6. key (count=”few”, gender=”neuter”)
  7. key (count=”few”, case=”accusative”)
  8. key (count=”few”, case=”nominative”)
  9. key (count=”few”)
  10. key (count=”other”, gender=”feminine”, case=”accusative”)
  11. key (count=”other”, gender=”feminine”, case=”nominative”)
  12. key (count=”other”, gender=”feminine”)
  13. key (count=”other”, gender=”neuter”, case=”accusative”)
  14. key (count=”other”, gender=”neuter”, case=”nominative”)
  15. key (count=”other”, gender=”neuter”)
  16. key (count=”other”, case=”accusative”)
  17. key (count=”other”, case=”nominative”)
  18. key (count=”other”)
  19. key (gender=”feminine”, case=”accusative”)
  20. key (gender=”feminine”, case=”nominative”)
  21. key (gender=”feminine”)
  22. key (gender=”neuter”, case=”accusative”)
  23. key (gender=”neuter”, case=”nominative”)
  24. key (gender=”neuter”)
  25. key (case=”accusative”)
  26. key (case=”nominative”)
  27. key

Again, ruby-i18n/i18n has no concept of Lateral Inheritance, so it will not make the correct lookups to find the correct CLDR data to use. Worse yet, ruby-cldr doesn’t know how to serialize these attributes into YAML, so it doesn’t export these data from CLDR at all!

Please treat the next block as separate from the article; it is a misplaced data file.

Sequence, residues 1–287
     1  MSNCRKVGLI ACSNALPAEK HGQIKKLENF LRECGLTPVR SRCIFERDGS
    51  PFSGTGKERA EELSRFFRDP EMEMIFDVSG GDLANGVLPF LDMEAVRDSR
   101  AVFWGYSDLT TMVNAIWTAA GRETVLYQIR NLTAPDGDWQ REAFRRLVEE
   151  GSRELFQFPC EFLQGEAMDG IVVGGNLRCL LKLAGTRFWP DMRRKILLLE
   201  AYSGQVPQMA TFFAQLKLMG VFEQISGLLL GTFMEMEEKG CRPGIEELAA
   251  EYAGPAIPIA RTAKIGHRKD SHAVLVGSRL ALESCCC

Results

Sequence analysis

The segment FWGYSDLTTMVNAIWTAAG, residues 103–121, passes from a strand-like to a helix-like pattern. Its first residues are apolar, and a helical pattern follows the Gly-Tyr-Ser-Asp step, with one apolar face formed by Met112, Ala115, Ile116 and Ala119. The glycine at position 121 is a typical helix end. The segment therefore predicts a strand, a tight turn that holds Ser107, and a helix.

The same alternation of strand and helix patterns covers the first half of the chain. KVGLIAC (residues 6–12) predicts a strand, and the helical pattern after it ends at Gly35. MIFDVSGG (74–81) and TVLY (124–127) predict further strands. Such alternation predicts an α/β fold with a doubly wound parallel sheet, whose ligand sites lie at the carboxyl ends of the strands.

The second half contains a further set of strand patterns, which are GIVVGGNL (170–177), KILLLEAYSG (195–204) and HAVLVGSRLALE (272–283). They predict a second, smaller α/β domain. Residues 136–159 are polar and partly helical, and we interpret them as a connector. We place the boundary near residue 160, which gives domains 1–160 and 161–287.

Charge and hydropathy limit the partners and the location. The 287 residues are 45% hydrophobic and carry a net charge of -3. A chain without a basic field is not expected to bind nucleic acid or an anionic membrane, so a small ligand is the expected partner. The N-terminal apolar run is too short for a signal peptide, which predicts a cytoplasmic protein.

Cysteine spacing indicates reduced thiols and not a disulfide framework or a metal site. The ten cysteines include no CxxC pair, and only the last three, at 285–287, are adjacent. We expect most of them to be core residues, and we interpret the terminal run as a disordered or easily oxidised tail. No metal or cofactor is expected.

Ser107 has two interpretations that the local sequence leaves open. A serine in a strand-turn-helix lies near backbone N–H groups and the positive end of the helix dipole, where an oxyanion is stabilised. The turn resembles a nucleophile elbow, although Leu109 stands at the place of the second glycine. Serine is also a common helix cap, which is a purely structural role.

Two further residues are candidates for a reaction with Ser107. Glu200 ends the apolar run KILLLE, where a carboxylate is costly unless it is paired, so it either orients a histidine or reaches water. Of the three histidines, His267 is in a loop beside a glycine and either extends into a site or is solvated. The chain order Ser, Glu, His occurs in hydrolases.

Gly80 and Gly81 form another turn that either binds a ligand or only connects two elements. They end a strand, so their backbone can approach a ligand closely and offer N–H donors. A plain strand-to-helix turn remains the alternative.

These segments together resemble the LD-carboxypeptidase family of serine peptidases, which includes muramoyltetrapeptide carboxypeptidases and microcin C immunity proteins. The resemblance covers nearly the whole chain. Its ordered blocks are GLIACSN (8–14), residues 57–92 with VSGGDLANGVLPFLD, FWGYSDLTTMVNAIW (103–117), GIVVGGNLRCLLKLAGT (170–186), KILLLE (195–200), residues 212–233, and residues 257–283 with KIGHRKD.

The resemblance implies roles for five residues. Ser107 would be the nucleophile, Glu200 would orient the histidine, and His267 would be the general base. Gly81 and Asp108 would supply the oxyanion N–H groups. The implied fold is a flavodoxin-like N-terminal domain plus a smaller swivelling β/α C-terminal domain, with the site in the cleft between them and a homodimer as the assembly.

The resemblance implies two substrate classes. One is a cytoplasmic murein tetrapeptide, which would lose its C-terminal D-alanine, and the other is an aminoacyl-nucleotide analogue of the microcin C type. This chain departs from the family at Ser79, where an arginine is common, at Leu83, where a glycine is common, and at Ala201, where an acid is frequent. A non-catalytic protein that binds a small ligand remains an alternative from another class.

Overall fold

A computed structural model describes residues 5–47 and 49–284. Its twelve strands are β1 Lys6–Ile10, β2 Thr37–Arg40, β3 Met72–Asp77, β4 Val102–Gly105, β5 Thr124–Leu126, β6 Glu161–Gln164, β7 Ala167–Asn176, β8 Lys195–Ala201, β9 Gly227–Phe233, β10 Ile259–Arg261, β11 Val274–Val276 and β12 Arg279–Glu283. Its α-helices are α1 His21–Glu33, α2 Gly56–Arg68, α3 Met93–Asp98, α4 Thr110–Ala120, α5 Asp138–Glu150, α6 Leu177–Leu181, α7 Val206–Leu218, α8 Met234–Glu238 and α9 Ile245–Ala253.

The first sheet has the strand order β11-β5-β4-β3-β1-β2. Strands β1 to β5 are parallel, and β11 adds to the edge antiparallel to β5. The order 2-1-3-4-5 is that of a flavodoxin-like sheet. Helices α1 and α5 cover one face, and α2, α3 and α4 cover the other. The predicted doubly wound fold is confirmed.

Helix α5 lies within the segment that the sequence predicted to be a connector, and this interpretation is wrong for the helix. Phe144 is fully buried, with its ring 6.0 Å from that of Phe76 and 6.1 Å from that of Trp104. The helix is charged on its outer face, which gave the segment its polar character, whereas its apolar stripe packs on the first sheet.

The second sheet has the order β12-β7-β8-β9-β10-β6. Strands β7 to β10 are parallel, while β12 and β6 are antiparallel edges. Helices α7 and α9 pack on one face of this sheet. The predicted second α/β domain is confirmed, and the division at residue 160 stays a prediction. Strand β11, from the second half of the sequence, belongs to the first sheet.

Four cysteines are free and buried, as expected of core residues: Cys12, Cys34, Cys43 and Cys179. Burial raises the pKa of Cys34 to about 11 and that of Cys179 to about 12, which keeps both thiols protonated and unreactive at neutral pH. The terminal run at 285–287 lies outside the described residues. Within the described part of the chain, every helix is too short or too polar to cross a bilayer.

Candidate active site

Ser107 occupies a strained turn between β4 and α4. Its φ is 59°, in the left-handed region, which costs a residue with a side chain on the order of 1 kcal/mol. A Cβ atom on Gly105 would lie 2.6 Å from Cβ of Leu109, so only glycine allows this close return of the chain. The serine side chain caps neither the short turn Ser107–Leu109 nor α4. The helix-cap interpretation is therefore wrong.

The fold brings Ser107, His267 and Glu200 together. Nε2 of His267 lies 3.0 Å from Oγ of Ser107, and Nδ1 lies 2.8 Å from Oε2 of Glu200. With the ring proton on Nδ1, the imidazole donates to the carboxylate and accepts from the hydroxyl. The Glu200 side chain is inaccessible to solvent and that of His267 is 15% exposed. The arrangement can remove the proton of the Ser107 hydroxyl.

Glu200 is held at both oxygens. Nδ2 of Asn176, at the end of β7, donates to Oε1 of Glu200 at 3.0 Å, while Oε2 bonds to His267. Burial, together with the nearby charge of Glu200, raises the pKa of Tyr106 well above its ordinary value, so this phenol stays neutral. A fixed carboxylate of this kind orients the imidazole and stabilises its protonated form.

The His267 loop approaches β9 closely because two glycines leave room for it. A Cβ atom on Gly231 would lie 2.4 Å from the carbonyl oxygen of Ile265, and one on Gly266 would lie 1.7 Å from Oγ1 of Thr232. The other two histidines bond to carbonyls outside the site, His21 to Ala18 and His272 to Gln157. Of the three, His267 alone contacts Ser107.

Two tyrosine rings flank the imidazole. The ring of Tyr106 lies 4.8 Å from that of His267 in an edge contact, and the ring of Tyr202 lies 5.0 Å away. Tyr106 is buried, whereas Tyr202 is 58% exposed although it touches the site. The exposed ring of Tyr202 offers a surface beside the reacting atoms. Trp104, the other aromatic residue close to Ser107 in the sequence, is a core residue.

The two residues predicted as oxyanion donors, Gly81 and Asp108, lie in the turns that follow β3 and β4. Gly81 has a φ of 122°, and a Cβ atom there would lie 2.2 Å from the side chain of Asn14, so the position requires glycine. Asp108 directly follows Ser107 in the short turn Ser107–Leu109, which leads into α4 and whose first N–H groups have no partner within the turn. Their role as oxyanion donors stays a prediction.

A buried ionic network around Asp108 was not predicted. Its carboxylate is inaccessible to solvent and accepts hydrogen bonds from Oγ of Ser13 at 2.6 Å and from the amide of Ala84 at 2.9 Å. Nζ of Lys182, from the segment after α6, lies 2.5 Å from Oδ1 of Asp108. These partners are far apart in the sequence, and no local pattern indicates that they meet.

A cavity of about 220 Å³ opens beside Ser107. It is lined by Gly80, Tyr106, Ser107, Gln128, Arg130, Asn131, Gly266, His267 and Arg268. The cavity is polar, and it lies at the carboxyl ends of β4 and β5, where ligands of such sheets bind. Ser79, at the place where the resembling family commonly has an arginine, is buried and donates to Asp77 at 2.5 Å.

There is not yet a solution for these limitations (related ruby-cldr issue)


Aliases are another complexity used in CLDR to define how to resolve a value.

Aliases are defined in the root locale and specify that the client should restart its key lookups in the original locale, this time with a different key.

ruby-i18n/i18n (v1.9.0+) does support aliases, through the use of Symbols. When a key resolves to a Symbol, it will treat it as an alias and restart its lookup from the original locale using the Symbol as the new key.

Aside: Explicit inheritance markers

In the upstream CLDR repository, you may come across keys with a value of ↑↑↑. This is an explicit Locale Inheritance marker. It allows the upstream maintainers to distinguish between the two reasons why a key might be missing from a locale:

  • The CLDR is missing data for that key in that locale (i.e., it’s missing data)
  • The CLDR is relying on Locale Inheritance to provide the value (i.e., it’s intentionally missing a value)

Clever. (It’s similar to the difference between None and Nil in some programming languages) At any rate, the build step in cldr-staging removes these values, so you will never see them in the CLDR release ZIPs.


  • Avoiding duplication in the data is important for upstream CLDR to ensure high data quality.
  • Avoiding duplication in the data is important for clients to avoid memory bloat.
  • Sometimes it is necessary to flatten the data, trading increased memory and duplication for simpler clients and faster lookups.